I’ve observed/know of/heard of many families who started the journey of adoption where it worked great. Most just worked, but maybe not great. I’ve also observed those that started the journey and then it didn’t work. Like all things went TERRIBLY wrong. There is no cookie cutter answer or family for this job.
But it’s true. Not everyone should adopt. There are 3 red flags I think are important to work through.
If married, your marriage has to be strong. This doesn’t mean you haven’t had struggles. It definitely doesn’t mean you won’t have struggles. That’s why I say it. Your marriage will be strained. Like never before. So if it’s already on the verge of falling apart, DON’T DO IT! The inevitable WILL happen. Your marriage is the priority. You will bring more pain to an already traumatized child if you bring them into your broken relationship. And if you aren’t married, you have to have someone you believe in that will pull you through the hard times. We can’t do this alone.
You have to have dealt with your trauma. Again, this doesn’t mean you haven’t been traumatized. But you have to have dealt with it. Like you’ve been to lots of counseling dealt with it. And even told your counselor your desire and heard what their thoughts were on the matter. They may in fact discourage you from it for a time. But they may say the opposite too. Sometimes it’s good to focus our attention on others instead of ourselves. But if you haven’t dealt with the trauma, bringing a traumatized child into your home will only re-traumatize you. If YOU have attachment issues, you will not be the person to help heal a child who has them too.
You have to be OK with not being OK. There are certain personality types that struggle with this. I’m one of them. I was the good girl. And the thought of ever causing a scene publicly would be humiliating. So when one of my kids does in fact cause a ruckus (like completely stop a football game due to his 3-year old tantrum in a 12-year old body), it’s VERY difficult for me. But I also have enough “go with the flow” and “just do what I have to do” mentality to help me refocus after the incident. As well as a husband I cry myself asleep beside at night. Not everyone can be OK when crazy happens.
There are agencies that have done studies on who fares better and why adoptions fail. Some of the research is actually quite fascinating and shocking. One of the more shocking results is that parents with college degrees have a lower success rate than those WITHOUT college degrees. I thought the opposite. Because college equates success.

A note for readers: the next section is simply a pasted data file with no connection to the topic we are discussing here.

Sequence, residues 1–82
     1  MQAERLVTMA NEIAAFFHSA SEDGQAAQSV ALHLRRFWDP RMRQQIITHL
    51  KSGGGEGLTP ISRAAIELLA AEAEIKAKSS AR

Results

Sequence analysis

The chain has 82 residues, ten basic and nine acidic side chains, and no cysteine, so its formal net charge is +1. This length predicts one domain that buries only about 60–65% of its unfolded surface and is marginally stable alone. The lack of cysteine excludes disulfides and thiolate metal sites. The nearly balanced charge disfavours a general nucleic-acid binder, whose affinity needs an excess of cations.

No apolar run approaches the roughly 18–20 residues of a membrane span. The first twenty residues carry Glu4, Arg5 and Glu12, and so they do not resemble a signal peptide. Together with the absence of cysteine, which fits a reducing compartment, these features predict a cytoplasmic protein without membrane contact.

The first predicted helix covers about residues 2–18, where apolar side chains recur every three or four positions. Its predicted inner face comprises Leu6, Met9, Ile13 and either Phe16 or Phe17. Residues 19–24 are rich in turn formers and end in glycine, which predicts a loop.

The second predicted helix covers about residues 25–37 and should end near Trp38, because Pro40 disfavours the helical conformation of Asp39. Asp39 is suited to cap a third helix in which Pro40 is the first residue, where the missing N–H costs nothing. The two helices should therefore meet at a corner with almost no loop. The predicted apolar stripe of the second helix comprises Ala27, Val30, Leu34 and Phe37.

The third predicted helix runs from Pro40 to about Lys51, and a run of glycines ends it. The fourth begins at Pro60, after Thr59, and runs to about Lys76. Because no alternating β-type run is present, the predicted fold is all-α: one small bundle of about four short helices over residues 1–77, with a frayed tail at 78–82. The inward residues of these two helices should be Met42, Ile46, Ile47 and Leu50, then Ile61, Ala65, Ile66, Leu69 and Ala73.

Nope. Get it out of your head now that your kid is going to be the best in school, the best athlete, the best behaved. If you are too hard on the kid and push them too much, their trauma will be exposed in full force. Actually, sometimes the seemingly dysfunctional families are the ones that can handle the challenges of fostering and adoption better than the ones that follow the expectations set up by our society and churches.
It seems to boil down to this: the success of fostering and adoption is not so much about being capable, rather being adaptable. We cannot expect a kid from a hard place to adapt to our life. We have to adapt to theirs.
If you decide fostering and adoption are not for you….for WHATEVER reason…..that doesn’t mean you don’t have a role to play. We need YOU on our team. Especially if you have been through the process of any kind. You’ve experienced some of the pain involved. That means you can empathize in a way that others can’t. Take a family a meal when you know it’s been a rough day. Clean a family’s house. Provide child care or respite. Sit and cry with a family in distress. There is no shame in deciding full time fostering and adoption is not for you. There is a much needed and important role for everyone, and not one person is capable to walk this journey alone. We can only do this together.
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